The first lady of France, Carla Bruni, can’t wait to meet America’s future first lady, Michelle Obama — and when she does, Bruni will be the one asking for advice.
“She looks like she’s a great, strong intelligent woman,” the wife of French President Nicolas Sarkozy said in New York Wednesday when TODAY’s Matt Lauer asked her what advice she’d have for Michelle Obama. “I must say that she doesn’t look like she [needs] advice … I think it would probably be better for me to be getting advice from her.”
Bruni doesn’t know how soon she’ll get to meet the Obamas, but said, “I’m looking forward to it. I think this is a fantastic American election. The whole world was thrilled about it. France was extremely enthusiastic about the election of Barack Obama.”
Contrasting backgroundsMichelle and Barack Obama met as young lawyers and married in 1992, when she was 28 and he was 31. In contrast, Bruni and Sarkozy met just a year ago, when she was an international star as a model and singer and he was the newly elected president of France. Bruni is 40 and Sarkozy 53 today; both have been married before and both have children from previous marriages.
Because of those differing circumstances, Bruni said, she wouldn’t advise Michelle Obama on the challenges of raising children under the glare of the public spotlight. (The Obamas’ daughters, 10-year-old Malia and 7-year-old Sasha, are part of a nuclear family, whereas Bruni’s 7-year-old son, Aurelien, is from a previous relationship, with philosophy professor Raphael Enthoven. She and Enthoven have agreed to keep the boy out of the public eye.)
With her colorful background, Bruni did not receive the immediate embrace from the French public and media that Michelle Obama has enjoyed so far. Bruni has a history of well-publicized relationships with the likes of Mick Jagger, Kevin Costner, Donald Trump, Eric Clapton and former French Prime Minister Laurent Fabius. But when she sparkled during a state visit with her husband to meet the Queen of England, her popularity quickly rose.
“The press can get mad, or sometimes they get very negative, but then the day after they change and they became very kind to me,” Bruni said philosophically. “It’s an honor to be first lady of France. I just try to be good enough.”
The singing first lady
But Bruni was not in New York in her capacity as first lady; instead, she was there to promote her third album, “Comme Si de Rien N'etait" ("As If Nothing Had Happened"), a collection of songs written in a cabaret/folk style. Many are romantic compositions about her numerous former loves, as well as her relationship with Sarkozy.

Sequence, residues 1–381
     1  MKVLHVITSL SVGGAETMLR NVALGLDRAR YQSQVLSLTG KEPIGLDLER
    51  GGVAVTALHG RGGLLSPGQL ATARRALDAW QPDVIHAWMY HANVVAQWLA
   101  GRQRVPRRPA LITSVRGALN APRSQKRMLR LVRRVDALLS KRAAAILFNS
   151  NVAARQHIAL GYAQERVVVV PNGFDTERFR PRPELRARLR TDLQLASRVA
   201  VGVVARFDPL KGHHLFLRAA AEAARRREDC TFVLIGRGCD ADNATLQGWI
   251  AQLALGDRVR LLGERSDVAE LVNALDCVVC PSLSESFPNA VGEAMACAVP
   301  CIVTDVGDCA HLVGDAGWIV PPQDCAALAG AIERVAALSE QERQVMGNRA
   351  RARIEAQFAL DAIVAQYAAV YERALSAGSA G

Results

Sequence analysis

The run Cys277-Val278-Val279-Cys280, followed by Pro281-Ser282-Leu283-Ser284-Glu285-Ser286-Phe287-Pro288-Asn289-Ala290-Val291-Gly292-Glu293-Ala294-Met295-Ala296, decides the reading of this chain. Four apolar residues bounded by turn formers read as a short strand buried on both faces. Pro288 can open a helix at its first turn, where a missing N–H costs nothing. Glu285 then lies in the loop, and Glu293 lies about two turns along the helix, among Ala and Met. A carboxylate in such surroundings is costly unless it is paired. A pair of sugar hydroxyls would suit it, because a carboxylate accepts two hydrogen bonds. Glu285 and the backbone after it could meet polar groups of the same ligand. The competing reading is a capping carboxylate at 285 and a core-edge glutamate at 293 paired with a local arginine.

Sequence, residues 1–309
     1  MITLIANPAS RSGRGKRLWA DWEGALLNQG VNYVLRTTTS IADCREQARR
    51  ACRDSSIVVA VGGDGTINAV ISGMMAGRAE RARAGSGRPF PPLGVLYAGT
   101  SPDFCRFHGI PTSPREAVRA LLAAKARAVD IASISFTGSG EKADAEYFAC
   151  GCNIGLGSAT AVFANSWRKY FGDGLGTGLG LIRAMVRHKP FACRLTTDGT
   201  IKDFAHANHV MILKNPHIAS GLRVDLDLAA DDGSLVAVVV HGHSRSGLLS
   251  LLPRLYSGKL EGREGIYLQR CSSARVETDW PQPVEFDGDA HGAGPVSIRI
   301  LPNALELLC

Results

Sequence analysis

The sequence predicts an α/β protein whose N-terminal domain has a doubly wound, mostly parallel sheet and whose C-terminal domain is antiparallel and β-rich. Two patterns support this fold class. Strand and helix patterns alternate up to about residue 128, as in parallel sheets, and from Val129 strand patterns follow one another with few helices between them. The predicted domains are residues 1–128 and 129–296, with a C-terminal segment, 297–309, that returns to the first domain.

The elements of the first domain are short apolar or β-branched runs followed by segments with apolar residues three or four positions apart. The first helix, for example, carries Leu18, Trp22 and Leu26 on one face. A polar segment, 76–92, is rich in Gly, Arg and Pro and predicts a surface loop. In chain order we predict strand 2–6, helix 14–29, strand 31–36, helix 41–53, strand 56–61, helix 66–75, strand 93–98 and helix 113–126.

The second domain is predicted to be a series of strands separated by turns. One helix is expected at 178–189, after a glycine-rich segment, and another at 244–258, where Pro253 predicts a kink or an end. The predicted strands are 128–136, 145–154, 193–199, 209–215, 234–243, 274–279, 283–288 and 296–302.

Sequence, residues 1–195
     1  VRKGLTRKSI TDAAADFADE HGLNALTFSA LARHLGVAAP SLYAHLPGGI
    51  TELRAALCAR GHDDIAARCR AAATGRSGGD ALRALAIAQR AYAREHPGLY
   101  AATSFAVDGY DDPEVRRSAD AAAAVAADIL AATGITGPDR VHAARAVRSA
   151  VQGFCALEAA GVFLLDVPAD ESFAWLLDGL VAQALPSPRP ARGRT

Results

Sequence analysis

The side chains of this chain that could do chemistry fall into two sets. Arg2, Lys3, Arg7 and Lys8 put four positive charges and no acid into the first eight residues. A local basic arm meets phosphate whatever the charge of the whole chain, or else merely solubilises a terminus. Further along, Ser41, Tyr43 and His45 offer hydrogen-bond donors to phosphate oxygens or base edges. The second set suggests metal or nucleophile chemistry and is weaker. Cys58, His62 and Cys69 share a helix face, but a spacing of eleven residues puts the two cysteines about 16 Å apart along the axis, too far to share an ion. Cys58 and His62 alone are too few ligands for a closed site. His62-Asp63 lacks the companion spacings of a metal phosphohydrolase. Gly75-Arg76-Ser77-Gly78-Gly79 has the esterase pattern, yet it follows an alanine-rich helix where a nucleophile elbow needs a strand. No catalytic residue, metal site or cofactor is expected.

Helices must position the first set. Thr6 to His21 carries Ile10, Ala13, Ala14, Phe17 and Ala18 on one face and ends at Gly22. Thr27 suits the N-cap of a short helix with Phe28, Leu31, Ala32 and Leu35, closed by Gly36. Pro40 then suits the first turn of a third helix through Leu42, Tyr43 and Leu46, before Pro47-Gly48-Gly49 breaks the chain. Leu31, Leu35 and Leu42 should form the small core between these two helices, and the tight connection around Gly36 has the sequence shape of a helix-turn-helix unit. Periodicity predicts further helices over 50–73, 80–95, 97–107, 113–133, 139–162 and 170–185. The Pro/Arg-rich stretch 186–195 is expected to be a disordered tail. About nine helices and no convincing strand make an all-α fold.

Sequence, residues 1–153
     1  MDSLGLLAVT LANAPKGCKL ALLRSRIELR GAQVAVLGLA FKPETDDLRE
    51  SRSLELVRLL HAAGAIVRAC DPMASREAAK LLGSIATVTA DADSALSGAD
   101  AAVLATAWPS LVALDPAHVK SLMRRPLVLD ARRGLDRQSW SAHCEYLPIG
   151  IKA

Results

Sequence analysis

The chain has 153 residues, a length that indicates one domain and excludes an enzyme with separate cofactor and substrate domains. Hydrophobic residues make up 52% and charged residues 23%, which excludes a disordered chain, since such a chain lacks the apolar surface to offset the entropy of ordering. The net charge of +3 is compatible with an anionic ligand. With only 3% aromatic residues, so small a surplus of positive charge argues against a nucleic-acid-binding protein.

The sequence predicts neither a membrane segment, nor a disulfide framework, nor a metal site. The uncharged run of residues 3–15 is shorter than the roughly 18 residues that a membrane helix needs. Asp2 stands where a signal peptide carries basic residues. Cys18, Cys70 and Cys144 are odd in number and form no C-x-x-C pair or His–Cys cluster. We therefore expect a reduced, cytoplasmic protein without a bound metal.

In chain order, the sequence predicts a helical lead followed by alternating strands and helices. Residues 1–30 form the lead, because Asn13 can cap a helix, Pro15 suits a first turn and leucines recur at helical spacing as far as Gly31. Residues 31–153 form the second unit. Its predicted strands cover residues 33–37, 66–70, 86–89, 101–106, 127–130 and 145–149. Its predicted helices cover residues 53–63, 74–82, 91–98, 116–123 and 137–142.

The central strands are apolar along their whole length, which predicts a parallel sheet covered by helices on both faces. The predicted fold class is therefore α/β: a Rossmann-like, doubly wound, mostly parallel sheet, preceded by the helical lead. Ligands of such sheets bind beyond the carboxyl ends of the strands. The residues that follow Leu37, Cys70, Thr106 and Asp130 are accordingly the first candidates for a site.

Bruni admitted it is unusual for a first lady to be off on an album tour. “At the beginning, I got worried that people might take it wrong, because they’re not used to it,” she told Lauer. “Usually first ladies are … supporting their husbands.”
But when Bruni met Sarkozy last November, the songs were already written and needed only to be recorded. “I didn’t want to cancel it,” Bruni said. “Then I thought that maybe for a woman nowadays, it’s important to have a job and to keep it.”
She was almost apologetic, adding, “It’s not that I’m such a feminist.” But if being a feminist means being a strong and independent woman, she meets the description. Bruni was born in Turin, Italy, the youngest of three children of a family that had made its fortune manufacturing tires. Before her father died, he revealed that her real father was a musician with whom her mother had had an affair.
When Bruni was only 5, the family moved to France, reportedly to avoid the threat of being kidnapped by the Red Brigade, an underground group of Italian revolutionaries.
Although the family business was tires, Bruni’s father was an opera composer and her mother an actress and classical pianist. Young Carla learned to play the piano and guitar while she was growing up, and studied architecture and art in Switzerland. At the age of 19, she decided to become a model.
For a dozen years, Bruni was one of the world’s elite supermodels, with some 250 magazine cover credits to her name. Then she moved into music, and now she has released her third album.
Monogamy at last?Lauer asked Bruni if she had to sit down with her husband and explain the relationships she sings about.
“They’re only songs, so they’re not so precise about life,” Bruni replied. “They look like they’re coming from something precise … but it’s not exactly your real life.” In a later segment with Lauer, she maintained that all the love songs are ultimately about Sarkozy anyway.
When Bruni and Sarkozy began their whirlwind courtship, which took them to the altar only three months after they met, the media made much of the distaste for monogamy she had previously expressed.
“I'm monogamous from time to time, but I prefer polygamy and polyandry,” she told one interviewer. To another, she said, “Love lasts a long time, but burning desire — two to three weeks.”
Lauer asked her about those statements. Bruni, dressed in a dark, conservative pantsuit, replied rhetorically, “Did I really say that?”
Then she smiled and decided maybe she had. “Maybe I tried to be funny,” she said. “When you’re lucky enough to give an interview, as a songwriter or a mother, I always tried to make it as a fun moment … so I was talking as a joke.”